The story-within-a-story format does its job; the foreshadowing is powerful, and provides a foil for the relentless annoyance of Kvothe's youth. His obnoxiousness seems purposeful and conscious. My only concern now is that he will not be able to finish what he's started: Day Three is coming, and the story feels as if it has only just begun. I wish Rothfuss and his editor the best - there are a lot of us out here waiting with fingers and lute strings crossed. But I'm not going to hold my breath....more
Reading Haruki Murakami is like slipping into a warm bath. There is always a stripped-down, naked quality to entering his texts, and then the pleasureReading Haruki Murakami is like slipping into a warm bath. There is always a stripped-down, naked quality to entering his texts, and then the pleasure soaks in as if through the skin. The reader is cared for, pampered. The pace is leisurely. I still cannot tell whether Murakami succeeds at what he does because he is so adept at crafting worlds with slightly altered truths to our own, or if his skill is in the sleight-of-hand he employs to distract us from the mundanity of his subjects. As in most of his work, 1Q84 employs dreams, doubles, aging women, longing, and cats to populate his fantasy. The result is unsettling, sweet, and surprisingly suspenseful. The last section (or in the paperback version, the final book) is as gripping as any thriller, even as its characters drift ever more into the sublime....more
It is becoming ever more tempting to write off the overwhelming emotional, temporal, and - I thought at the time - literary finesse that Niffenegger bIt is becoming ever more tempting to write off the overwhelming emotional, temporal, and - I thought at the time - literary finesse that Niffenegger brought to The Time Traveler's Wife as a fluke, a sudden outburst of long-percolated talent that is now being stretched thin, or perhaps just returning to its natural state, a slightly-better-than-mediocre trickle.
Or maybe I am being harsh. The Adventuress was gorgeous and haunting. She has an undeniable flair for the ethereal weird. Nonetheless, Three Incestuous Sisters left me bored and wanting. Her Fearful Symmetry seemed unfinished, somehow - not in the ending, which was strange and satisfying, but in the overall lack of polish. The entire novel reads as if a deadline had become incontrovertible and was rushed past a small, whining fleet of editors, none of whom had the chance to work their critical magic.
This is a passable ghost story, a creepy love story, and a not-so-decent novel of ideas. I was alternately bored and captivated throughout, and while the oddity of the plot twists did overcome my sense that the pacing was wrong, I left the book feeling clammy and unsettled, and not in a way that I liked.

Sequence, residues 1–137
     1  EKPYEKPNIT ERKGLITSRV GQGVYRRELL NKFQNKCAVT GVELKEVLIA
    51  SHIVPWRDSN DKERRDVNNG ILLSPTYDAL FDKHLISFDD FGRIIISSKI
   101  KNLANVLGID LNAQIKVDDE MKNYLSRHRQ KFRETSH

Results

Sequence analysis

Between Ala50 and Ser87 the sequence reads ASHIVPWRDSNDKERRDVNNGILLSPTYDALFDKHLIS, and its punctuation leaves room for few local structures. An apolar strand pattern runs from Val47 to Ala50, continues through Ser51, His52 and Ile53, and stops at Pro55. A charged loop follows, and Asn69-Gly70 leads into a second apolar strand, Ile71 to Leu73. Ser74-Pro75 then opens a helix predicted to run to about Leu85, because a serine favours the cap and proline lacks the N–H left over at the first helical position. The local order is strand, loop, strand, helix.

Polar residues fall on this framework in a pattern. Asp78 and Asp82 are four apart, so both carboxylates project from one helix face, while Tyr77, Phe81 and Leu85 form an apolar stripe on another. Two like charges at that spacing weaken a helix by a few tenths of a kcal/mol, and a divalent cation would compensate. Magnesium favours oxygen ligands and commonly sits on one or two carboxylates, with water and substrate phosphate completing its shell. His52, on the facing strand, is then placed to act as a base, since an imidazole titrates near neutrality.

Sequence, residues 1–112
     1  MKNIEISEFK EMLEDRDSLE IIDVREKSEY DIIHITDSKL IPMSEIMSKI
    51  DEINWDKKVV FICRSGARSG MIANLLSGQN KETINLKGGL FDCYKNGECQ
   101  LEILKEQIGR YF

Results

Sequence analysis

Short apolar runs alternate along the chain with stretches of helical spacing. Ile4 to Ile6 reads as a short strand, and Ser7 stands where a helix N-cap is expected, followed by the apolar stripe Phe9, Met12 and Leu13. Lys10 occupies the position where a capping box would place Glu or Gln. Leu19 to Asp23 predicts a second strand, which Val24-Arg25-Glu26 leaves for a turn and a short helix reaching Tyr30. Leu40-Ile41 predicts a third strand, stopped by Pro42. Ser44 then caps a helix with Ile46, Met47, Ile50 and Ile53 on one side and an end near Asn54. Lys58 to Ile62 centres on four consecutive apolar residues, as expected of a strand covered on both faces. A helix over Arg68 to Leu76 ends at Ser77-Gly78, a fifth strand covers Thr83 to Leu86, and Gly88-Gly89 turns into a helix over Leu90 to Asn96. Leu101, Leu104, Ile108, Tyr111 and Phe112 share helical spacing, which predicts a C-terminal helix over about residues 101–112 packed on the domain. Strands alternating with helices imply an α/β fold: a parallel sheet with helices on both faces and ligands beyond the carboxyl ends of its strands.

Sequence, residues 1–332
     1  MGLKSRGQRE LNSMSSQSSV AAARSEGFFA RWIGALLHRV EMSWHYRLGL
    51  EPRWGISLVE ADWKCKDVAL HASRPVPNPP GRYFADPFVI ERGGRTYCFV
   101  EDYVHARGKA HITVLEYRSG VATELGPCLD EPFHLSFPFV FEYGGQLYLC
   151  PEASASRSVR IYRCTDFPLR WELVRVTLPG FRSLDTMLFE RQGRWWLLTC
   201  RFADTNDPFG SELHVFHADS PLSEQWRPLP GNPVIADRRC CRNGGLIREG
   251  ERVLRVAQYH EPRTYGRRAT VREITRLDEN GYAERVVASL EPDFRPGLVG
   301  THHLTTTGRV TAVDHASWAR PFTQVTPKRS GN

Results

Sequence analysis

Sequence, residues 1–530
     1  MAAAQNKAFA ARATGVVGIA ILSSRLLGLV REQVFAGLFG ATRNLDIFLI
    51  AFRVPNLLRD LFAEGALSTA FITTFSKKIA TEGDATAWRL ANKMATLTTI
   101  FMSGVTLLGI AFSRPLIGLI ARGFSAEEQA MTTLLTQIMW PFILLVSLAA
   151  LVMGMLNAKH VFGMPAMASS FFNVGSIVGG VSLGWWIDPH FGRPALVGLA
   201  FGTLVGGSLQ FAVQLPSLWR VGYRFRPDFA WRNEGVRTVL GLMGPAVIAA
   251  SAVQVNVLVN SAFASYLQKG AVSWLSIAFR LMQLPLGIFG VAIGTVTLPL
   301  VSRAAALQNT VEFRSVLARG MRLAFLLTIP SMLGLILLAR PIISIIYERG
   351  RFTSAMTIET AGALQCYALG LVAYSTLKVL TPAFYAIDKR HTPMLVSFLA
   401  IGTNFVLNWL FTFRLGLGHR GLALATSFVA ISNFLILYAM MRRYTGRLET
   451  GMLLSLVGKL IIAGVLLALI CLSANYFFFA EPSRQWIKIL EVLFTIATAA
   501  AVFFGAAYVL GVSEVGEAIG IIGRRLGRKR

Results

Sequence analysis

Read it for the love and research that went into revealing Highgate Cemetery in all of its anecdotal charm, and for Niffenegger's unapologetic flirtation with incest (again). Her frank examination of the intimacy of twins is refreshing. Her caricature of Obsessive Compulsive disorder, however, seemed unnecessary and turned a sympathetic character (and an opportunity to educate people about the illness) into a freakshow. ...more
I was introduced to the work of Augusto Boal by a woman whom I admire greatly. She is a gardener, a writer, an activist, and a performer. She spent tiI was introduced to the work of Augusto Boal by a woman whom I admire greatly. She is a gardener, a writer, an activist, and a performer. She spent time in Brazil studying Theatre of the Oppressed techniques with landless workers there, and now has brought the techniques and skills she learned there back to the States, where she conducts workshops in the practice, among other things.
As an ESOL and writing teacher, I don't always make room in my syllabi for my political work. Many would suggest that I should leave those things at home; the classroom is for skills and content. However, the more I reflect on my convictions and beliefs, the more I come to consider radical practice a fundamental part of what I do, what I should do, what I aspire to do. I have recently been running up against this notion of "practice" - is it really "practice" when it is a way of life? It seems to me that practice, then, is something deeper. It becomes more like a "way," when we think of a "way" as a "Tao." It is one of the paths one can walk - either we walk that path, or we walk another, but we do not pick and choose when to be on it and when to get off, depending on the hat we wear. We simply stay on the path.
In any case, I think that radical practice - a radical path - for a teacher in my position means truly considering my students - in my case, students often considered "at-risk": immigrants, refugees, single parents, first-generation college students, minorities, individuals recently released from prison, workers without jobs - as humans, as valued, reflective, intelligent individuals with interests and a great capacity to teach and learn from one another. It means recognizing their various challenges, and celebrating and supporting their strengths. It also means trying new things.
The techniques outlined in Games for Actors and Non-Actors transformed my understanding of how to relate to a group of people. I have tried several of the games in my classes, and have had nothing but outstanding positive results, ranging from puzzled introspection leading to insight, to shrieking delight and the mad joy of freedom that comes from doing some that feels both very new and very, very natural. I am grateful for the constant reminder that, as a teacher, I must always continue to learn....more